Abdominal pain


This is a very common symptom in children and can be a cause of immense anxiety; when the pains are frequent or severe some children will miss a lot of school.In at least half of the children I see in clinic with recurring abdominal pains, no diagnosis is ever found and the symptoms eventually get better. I would say your child has suffered from 'non-specific abdominal pain'.
After you and your child have described the symptoms and I have asked a lot of questions, I will examine your child thoroughly. I won't do an intimate internal examination of your child in clinic. To help understand your child's problem, I might organise a number of tests including blood tests, XRays and scans and possibly an examination under a full general anaesthetic. I will of course explain everything as we go along.

Non Specific Abdominal Pain/Irritable Bowel Syndrome.

This is generally a diagnosis I use if I can find nothing abnormal to account for your child's symptoms.

Constipation


This is very common in children of all ages and is often associated with painful bowel movements (poo-ing), that only occur every few days. There is often blood on the poo, or the toilet paper when your child wipes their bottom. I can sometimes see a small abnormality outside the back passage that helps me explain the symptoms. 
I usually recommend generous doses of laxatives to make the poo soft and comfortable to poo out. I may advise that you give your child these medicines for many months, which will cause no harm. 
It can be difficult to tell you why your child suffers from constipation but it almost always gets better within a few months of getting the treatment right.

Acute appendicitis


This is an emergency condition that causes severe abdominal pain. The nature of the pain is very often not at all typical, and varies a lot between different children.Your child may be vomiting, and won't feel hungry. When I examine your child, I may find exquiste tenderness in the lower right hand corner of their tummy. Sometimes it can be difficult to diagnose acute appendicitis, and blood tests and scans might be helpful. Even then, a diagnosis might be difficult, and I will then re-examine your child every few hours to watch for changing features.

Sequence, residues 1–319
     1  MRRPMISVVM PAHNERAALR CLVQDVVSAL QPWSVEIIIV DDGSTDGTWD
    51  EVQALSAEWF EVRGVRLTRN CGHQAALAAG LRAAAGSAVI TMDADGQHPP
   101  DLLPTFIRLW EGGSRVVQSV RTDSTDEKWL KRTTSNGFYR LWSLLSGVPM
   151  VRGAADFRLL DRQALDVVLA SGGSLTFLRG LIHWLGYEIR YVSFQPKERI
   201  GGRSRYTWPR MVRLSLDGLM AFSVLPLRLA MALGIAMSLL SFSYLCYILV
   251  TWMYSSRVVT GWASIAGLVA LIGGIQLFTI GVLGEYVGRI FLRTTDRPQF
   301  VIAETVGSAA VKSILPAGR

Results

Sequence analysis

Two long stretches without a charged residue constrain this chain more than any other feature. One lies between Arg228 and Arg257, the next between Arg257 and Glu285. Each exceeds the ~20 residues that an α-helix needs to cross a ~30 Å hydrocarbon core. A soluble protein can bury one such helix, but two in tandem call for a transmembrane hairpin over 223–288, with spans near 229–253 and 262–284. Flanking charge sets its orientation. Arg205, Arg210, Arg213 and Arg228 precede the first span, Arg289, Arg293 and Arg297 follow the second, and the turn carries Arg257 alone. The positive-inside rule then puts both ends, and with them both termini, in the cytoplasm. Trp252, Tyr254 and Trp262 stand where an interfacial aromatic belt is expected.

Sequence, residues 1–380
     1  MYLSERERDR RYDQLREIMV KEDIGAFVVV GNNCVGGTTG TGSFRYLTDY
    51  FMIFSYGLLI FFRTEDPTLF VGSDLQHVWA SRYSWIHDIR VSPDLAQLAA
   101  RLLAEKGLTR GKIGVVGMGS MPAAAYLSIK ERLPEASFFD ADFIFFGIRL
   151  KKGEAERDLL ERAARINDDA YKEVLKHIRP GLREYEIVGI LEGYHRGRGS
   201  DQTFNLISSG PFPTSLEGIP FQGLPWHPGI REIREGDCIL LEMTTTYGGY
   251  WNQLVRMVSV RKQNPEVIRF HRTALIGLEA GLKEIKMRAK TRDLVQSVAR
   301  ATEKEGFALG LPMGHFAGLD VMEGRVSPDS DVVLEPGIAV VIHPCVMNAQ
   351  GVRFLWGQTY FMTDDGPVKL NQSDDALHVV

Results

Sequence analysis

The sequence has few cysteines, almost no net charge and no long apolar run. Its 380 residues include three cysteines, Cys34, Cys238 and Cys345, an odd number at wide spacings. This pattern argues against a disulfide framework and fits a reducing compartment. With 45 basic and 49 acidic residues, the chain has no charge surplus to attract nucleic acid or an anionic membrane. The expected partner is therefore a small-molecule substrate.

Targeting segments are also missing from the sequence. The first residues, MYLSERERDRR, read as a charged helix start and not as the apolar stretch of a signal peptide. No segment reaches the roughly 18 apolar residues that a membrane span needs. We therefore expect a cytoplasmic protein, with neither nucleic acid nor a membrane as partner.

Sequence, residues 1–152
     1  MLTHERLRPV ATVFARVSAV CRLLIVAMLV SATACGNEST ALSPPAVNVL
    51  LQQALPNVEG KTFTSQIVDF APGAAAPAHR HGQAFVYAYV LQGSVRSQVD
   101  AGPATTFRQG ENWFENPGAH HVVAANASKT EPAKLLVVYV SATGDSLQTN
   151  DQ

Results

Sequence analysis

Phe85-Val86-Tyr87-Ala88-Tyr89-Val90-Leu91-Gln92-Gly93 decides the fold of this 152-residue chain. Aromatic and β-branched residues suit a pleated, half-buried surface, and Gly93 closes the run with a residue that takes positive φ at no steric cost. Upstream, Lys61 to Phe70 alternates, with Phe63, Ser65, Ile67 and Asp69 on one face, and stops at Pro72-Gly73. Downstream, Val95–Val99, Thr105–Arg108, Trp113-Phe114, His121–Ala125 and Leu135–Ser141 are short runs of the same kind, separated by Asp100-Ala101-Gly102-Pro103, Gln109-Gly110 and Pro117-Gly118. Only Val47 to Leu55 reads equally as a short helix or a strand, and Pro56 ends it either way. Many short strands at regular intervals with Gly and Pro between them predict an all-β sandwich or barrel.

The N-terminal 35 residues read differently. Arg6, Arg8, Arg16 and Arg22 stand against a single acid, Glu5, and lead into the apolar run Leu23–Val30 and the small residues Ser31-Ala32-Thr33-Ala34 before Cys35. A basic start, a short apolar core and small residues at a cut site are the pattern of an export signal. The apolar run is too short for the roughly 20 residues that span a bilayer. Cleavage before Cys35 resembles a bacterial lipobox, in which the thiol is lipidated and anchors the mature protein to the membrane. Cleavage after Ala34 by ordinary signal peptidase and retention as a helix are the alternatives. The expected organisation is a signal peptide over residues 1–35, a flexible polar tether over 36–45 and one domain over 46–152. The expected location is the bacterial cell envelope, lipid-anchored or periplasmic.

If your child has acute appendicitis, he or she will need an urgent operation to make them better. This does not need to be done in the middle of the night, and we would spend a few hours correcting any dehydration your child might be suffering. It is good to start antibiotics before theatre too. We will spend as much time as is necessary to explain what we intend to do, and to help you understand your child's illness.

You should expect your child to be in hospital for a least 48 hours after their operation.

Gall-stones, ulcers and indigestion


These are rare problems in children. To help make a diagnosis, I might organise blood tests, Xrays and scans; sometimes I will recommend an endoscopy (examination of the bowel with a flexible camera)
An operation is sometimes necessary; I will explain all of my findings to you, as well as my recommendations, as we go along.

Endoscopy- Gastroscopy and colonoscopy


A lot of the children that I look after will require an endoscopy at some time. Examination of the gullet (oesophagus) and stomach is called gastroscopy, and examination of the large intestine (colon) is called colonoscopy. Both are carried out under general anaesthetic. 
To make sure I can get good and clear views of the large intestine, which is normally full of poo, I will send you some medicine to take the night before your child's examination. This is a very strong laxative and will give your child diarrhoea. I will make sure the instructions you need to understand this treatment come with the medicine. The next day, when I examine your child, there will be no poo to block my views.

Vomiting

Vomiting is a very common problem in childhood. Babies will often vomit frequently in the first few months of life (possetting). the vast majority of babies do grow out of this within 6 months or so.
There are many causes of vomiting. To help understand why your child is vomiting, I will ask a lot of questions, and examine your child. I may organise some blood tests, XRays and scans; endoscopy (examination with a flexible camera) may also help me.
Once I have made a diagnosis, I will discuss treatment options with you. Some of the problems I see are better looked after by a Paediatrician, or a Specialist Paediatric Gastro-enterologist (bowel specialist) and I will help you decide who I should refer you child to.
Some of the problems that make your child vomit can be treated with medicines, and sometimes I might recommend an operation. I will discuss this with you at length.

Pyloric stenosis


This is a relatively common problem in babies. It is caused by a thickening of the muscle that regulates how quickly your child's stomach empties into the rest of the intestine. This thickening causes a blockage, meaning the stomach cannot empty, and your child therefore vomits his or her feeds back.